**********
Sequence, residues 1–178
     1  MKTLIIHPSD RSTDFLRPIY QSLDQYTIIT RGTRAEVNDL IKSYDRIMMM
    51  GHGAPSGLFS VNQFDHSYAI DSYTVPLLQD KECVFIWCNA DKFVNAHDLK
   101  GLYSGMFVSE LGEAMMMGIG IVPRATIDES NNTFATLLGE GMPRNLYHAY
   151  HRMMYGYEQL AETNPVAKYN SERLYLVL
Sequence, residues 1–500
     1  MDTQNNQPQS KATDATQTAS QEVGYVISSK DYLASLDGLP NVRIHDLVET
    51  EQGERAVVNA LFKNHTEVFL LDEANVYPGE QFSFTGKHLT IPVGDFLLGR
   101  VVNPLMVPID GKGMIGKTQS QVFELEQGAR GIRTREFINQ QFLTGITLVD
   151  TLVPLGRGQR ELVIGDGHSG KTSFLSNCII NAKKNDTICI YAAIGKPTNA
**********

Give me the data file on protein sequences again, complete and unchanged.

Sequence, residues 1–178
     1  MKTLIIHPSD RSTDFLRPIY QSLDQYTIIT RGTRAEVNDL IKSYDRIMMM
    51  GHGAPSGLFS VNQFDHSYAI DSYTVPLLQD KECVFIWCNA DKFVNAHDLK
   101  GLYSGMFVSE LGEAMMMGIG IVPRATIDES NNTFATLLGE GMPRNLYHAY
   151  HRMMYGYEQL AETNPVAKYN SERLYLVL
Sequence, residues 1–500
     1  MDTQNNQPQS KATDATQTAS QEVGYVISSK DYLASLDGLP NVRIHDLVET
    51  EQGERAVVNA LFKNHTEVFL LDEANVYPGE QFSFTGKHLT IPVGDFLLGR
   101  VVNPLMVPID GKGMIGKTQS QVFELEQGAR GIRTREFINQ QFLTGITLVD
   151  TLVPLGRGQR ELVIGDGHSG KTSFLSNCII NAKKNDTICI YAAIGKPTNA